Sex and hand differences in circadian wrist activity are independent from sex and hand differences in 2D:4D

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Abstract

Background: We investigated the relationship between patterns of sex and hand differences in circadian wrist activity and digit ratio, a marker for prenatal androgen exposure. If the contribution of prenatal androgen exposure to sex differences in digit ratio underlies sex differences in circadian wrist activity, we predict that patterns of wrist activity will be correlated with digit ratio. Methods: Bilateral wrist activity of male and female college students was measured for three consecutive days. Digit ratio was obtained from photocopy measurements of the second and fourth fingers of each subject. Results: Males had lower digit ratios with more pronounced differences on the right hand. Female acrophase occurred earlier than male acrophase. There was more activity in the right hand and right hand activity peaked before the left. Digit ratio was not correlated with any measure of wrist activity. An analysis of activity by age revealed that younger female students exhibited more male-like activity patterns. Conclusion: Sex and hand differences for digit ratio and acrophase replicated previous findings. The lack of correlation between digit ratio and patterns of wrist activity suggests that sexually dimorphic circadian activity develops independently from the mechanisms of hormone exposure that cause sex differences in digit ratio.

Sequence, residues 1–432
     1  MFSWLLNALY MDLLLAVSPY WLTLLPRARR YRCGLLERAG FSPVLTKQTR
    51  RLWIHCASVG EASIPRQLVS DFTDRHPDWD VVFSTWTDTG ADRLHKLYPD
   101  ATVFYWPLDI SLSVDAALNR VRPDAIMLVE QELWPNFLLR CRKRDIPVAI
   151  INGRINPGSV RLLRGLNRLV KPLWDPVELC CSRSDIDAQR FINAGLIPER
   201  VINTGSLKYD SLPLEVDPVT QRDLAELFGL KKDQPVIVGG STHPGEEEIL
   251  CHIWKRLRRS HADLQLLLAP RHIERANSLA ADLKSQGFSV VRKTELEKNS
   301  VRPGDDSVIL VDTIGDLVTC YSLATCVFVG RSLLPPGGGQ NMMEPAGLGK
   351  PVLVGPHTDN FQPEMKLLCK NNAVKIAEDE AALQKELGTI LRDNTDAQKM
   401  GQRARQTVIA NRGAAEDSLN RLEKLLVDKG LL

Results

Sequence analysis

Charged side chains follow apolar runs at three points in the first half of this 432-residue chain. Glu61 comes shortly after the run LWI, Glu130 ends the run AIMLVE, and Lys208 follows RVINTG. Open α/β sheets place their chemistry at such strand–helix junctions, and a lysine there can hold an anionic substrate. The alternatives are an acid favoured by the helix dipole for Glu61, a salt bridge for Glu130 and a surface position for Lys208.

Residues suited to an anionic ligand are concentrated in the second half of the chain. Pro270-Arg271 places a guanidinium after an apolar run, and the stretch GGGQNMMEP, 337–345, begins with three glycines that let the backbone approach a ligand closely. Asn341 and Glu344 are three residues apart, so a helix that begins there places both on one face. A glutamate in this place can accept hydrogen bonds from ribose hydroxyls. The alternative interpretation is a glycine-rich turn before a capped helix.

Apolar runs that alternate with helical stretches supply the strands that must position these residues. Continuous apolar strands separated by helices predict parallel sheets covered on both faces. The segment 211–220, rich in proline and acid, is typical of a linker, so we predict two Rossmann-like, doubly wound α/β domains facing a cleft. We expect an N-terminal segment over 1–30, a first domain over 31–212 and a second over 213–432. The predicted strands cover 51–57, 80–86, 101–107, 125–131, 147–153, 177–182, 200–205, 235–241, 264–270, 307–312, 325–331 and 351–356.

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APA

Reuter, C., & McQuade, D. B. (2009). Sex and hand differences in circadian wrist activity are independent from sex and hand differences in 2D:4D. Journal of Circadian Rhythms, 7, 13. https://doi.org/10.1186/1740-3391-7-13

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